43  ment service directors of the various jurisdictions where any type of incident requiring
HB 2266

 1  evacuations might occur. The civilian population has the option of relocating on its own
 2  accord or, with help from the state, to egress from the emergency or disaster areas to areas
 3  outside the emergency or disaster areas. Such plans shall be put into effect by request of
 4  the state from which evacuees come and shall include the manner of transporting such
 5  evacuees, the number of evacuees to be received in different areas, the manner in which
 6  food, clothing , housing and medical care will be provided, the registration of the evacuees,
 7  the providing of facilities for the notification of relatives or friends, and the forwarding of
 8  such evacuees to other areas or the bringing in of additional materials, supplies and all other
 9  relevant factors. Such plans shall provide that the party state receiving evacuees and the
10  party state from which the evacuees come shall mutually agree as to reimbursement of out-
11  of-pocket expenses incurred in receiving and caring for such evacuees, for expenditures for
12  transportation, food, clothing, medicines and medical care and like items. Such expenditures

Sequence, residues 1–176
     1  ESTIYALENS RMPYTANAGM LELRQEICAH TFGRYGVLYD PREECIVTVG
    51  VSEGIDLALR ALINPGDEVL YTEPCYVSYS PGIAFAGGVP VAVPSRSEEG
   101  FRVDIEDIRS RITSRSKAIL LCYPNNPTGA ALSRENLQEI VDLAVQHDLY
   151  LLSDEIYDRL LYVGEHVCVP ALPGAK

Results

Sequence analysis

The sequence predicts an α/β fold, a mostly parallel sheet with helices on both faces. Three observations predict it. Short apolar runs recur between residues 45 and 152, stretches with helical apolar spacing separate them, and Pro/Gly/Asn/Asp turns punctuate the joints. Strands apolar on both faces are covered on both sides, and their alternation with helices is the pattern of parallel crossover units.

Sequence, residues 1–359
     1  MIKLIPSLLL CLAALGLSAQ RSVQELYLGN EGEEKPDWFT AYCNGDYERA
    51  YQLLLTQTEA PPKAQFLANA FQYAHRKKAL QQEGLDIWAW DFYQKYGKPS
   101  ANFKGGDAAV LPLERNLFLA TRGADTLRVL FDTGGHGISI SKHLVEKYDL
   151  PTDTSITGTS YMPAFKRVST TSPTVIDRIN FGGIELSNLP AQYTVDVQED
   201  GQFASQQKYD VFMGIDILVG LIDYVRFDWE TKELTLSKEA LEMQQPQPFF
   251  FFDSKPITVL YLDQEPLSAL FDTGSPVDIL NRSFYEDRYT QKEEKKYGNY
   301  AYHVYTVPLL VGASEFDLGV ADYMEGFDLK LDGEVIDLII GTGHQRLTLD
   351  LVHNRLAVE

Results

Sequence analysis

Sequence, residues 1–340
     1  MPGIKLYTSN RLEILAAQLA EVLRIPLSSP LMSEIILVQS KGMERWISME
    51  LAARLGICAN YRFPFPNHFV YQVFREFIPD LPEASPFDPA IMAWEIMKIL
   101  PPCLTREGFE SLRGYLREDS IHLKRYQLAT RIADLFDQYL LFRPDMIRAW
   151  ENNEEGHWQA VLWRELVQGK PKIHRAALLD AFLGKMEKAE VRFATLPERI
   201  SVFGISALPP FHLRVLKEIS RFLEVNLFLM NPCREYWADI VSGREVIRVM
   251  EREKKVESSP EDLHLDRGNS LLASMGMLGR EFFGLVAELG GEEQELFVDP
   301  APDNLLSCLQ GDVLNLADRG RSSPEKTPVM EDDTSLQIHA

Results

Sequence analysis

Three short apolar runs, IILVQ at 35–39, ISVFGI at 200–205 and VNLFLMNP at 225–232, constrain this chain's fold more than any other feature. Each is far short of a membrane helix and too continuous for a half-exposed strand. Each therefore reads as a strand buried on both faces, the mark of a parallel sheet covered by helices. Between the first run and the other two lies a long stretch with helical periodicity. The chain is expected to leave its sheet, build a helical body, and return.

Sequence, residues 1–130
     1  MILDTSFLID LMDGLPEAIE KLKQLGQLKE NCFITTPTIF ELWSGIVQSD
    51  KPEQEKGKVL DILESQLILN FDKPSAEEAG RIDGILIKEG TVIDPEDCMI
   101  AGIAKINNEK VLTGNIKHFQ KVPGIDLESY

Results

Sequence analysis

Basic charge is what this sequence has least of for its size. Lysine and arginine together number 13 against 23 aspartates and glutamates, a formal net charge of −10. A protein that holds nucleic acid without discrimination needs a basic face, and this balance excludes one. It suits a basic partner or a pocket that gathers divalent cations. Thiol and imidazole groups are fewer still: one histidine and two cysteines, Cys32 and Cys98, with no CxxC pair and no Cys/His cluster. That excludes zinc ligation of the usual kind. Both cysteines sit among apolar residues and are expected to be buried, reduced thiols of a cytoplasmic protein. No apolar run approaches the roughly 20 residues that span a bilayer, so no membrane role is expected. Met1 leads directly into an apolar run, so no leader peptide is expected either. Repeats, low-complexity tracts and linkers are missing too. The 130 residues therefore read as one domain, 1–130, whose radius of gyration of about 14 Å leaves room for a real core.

13  shall be reimbursed as agreed by the party state from which the evacuees come. After the
14  termination of the emergency or disaster, the party state from which the evacuees come
15  shall assume the responsibility for the ultimate support of repatriation of such evacuees.
16                                                         ARTICLE XI
18    A.  This compact shall become effective immediately upon its enactment into law by any
19  two states. Thereafter, this compact shall become effective as to any other state upon en-
20  actment by such state.
21    B.  Any party state may withdraw from this compact by enacting a statute repealing the
22  same, but no such withdrawal shall take effect until 30 days after the governor of the with-
23  drawing state has given notice in writing of such withdrawal to the governors of all other
24  party states. Such action shall not relieve the withdrawing state from obligations assumed
25  hereunder prior to the effective date of withdrawal.
26    C.  Duly authenticated copies of this compact and of such supplementary agreements
27  as may be entered into shall, at the time of their approval, be deposited with each of the
28  party states and, if so authorized, the party state's authorized agencies.